Combining these techniques into SIEM software and tools creates a birds-eye-view of all security data. This approach blends all SIM and SEM functions into a single source of truth for an enterprise’s security management team to monitor for abnormal behavior and potential cyberattacks across their network by filtering massive amounts of security data while prioritizing the security alerts the software generates.

SIEM Software Today

As the market for SIEM expands into a $2 billion industry, so do the capabilities of what newer products offer companies who want to leverage SIEM to set up a security operations center. SIEM technologies are now bringing in threat intelligence feeds in addition to log data while other products have security analytics which are able to look at network behavior and how it coincides with user behavior to give more intelligence around whether an activity is indicative of maliciousness. AI and machine learning are also being incorporated into SIEM software with the ultimate goal of providing more accurate threat detection rates at a faster pace.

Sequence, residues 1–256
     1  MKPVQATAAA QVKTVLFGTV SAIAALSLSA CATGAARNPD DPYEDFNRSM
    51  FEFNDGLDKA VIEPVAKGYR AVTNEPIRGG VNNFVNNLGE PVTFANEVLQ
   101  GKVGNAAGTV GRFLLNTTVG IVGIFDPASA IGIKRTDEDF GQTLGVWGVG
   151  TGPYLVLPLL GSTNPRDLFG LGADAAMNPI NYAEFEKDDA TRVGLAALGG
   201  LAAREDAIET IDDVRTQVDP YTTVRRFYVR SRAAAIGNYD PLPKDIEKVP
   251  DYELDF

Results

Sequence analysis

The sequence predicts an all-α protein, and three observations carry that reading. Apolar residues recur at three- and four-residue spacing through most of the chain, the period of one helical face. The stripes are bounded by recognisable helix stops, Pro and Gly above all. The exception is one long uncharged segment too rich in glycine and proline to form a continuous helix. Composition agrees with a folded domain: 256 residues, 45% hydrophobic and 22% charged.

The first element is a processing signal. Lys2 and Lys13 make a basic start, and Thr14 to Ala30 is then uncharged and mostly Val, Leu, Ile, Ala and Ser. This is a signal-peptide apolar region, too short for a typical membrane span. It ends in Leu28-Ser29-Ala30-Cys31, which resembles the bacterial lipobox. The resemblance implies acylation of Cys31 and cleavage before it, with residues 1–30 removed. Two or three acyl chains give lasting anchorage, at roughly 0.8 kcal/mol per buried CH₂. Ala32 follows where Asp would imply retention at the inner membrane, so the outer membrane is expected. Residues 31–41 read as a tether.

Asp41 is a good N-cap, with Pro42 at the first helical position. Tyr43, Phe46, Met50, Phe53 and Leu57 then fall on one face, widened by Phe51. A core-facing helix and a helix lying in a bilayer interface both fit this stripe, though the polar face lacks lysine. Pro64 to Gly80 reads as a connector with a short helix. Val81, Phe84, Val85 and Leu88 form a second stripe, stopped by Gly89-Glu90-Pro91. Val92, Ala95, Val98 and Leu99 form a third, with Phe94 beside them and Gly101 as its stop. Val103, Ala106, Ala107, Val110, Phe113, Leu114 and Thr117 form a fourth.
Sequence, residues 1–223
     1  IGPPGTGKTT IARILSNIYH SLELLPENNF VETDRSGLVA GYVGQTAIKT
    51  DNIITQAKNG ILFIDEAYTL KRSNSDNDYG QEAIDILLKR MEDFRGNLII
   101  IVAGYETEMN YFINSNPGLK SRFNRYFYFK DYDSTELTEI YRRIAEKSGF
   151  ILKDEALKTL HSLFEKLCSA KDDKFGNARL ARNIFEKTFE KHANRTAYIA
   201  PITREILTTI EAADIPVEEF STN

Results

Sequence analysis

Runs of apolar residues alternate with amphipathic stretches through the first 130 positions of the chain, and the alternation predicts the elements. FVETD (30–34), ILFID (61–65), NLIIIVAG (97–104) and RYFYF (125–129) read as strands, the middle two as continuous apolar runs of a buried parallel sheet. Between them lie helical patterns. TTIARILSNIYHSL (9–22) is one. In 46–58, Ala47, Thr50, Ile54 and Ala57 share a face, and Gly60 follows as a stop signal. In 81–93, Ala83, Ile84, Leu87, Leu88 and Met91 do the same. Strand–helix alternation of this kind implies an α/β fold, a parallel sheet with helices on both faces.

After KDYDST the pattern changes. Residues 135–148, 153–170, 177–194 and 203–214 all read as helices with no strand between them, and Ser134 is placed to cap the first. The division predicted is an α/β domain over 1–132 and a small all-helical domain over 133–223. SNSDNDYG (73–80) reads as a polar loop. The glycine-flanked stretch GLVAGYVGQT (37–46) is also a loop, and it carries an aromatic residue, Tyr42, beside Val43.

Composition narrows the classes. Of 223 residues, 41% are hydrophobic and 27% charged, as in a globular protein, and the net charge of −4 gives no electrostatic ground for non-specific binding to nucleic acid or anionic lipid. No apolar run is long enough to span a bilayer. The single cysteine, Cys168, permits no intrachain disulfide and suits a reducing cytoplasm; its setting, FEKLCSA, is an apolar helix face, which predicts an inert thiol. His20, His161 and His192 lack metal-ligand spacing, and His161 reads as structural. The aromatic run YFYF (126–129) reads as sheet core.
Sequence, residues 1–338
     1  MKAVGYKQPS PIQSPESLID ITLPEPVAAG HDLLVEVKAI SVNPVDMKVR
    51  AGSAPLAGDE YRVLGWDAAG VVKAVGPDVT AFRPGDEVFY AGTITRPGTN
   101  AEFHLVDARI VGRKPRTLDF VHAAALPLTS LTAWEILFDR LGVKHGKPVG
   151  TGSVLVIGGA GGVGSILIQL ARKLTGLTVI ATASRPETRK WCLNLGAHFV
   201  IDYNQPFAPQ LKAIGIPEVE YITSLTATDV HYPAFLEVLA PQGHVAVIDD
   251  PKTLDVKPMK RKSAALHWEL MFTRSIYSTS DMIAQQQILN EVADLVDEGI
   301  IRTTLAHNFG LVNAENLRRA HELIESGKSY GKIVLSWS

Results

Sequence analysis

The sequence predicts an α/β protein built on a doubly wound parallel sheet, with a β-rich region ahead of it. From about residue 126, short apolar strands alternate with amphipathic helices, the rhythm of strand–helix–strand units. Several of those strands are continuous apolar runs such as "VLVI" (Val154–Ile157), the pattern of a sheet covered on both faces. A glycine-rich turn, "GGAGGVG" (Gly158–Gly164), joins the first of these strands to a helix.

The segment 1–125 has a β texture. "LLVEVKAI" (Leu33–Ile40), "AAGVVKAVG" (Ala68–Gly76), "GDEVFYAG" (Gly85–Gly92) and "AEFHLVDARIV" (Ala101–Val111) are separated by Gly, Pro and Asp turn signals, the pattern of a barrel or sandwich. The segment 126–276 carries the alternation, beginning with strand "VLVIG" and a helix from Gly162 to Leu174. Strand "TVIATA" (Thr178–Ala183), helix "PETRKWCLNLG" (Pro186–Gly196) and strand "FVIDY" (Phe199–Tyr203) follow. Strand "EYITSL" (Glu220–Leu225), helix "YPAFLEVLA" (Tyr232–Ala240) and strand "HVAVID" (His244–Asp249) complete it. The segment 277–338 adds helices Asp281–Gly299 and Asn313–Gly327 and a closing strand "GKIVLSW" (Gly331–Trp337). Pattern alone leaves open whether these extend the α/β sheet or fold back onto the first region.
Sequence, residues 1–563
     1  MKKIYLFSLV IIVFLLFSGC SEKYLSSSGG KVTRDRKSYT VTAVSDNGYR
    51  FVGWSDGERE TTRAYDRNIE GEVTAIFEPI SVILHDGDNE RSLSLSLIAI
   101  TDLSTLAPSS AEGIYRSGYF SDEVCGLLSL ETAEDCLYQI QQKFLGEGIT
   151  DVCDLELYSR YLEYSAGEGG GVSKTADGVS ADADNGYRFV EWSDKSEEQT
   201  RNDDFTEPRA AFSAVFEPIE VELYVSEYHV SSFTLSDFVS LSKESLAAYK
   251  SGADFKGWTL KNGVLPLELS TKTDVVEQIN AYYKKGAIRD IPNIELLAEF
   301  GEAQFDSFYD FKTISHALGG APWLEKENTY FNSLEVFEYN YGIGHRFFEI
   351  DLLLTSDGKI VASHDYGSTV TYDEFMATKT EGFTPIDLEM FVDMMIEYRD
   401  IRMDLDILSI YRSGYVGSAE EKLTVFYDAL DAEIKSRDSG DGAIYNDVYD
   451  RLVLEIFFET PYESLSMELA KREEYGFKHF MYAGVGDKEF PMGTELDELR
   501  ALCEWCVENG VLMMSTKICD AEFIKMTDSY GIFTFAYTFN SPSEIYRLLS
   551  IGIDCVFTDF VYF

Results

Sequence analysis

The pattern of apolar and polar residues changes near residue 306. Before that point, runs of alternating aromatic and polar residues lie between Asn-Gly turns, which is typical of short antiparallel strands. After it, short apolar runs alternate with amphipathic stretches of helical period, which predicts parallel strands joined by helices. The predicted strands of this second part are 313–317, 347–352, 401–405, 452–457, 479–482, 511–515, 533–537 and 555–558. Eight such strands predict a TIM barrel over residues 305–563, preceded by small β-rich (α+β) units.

Most companies continue to use SIEM software primarily for tracking and investigating the events surrounding a breach which is driven by the fallout impacting an organization if a breach does occur. As more and more security breaches impact companies of all sizes, SIEM advancements are focusing on speed of detection and near real-time response.

BMC: Your Security Information and Event Management Partner

BMC AMI Command Center for Security is an affordable Security Information & Event Management system especially designed and preconfigured for use by z/OS security administrators and system programmers.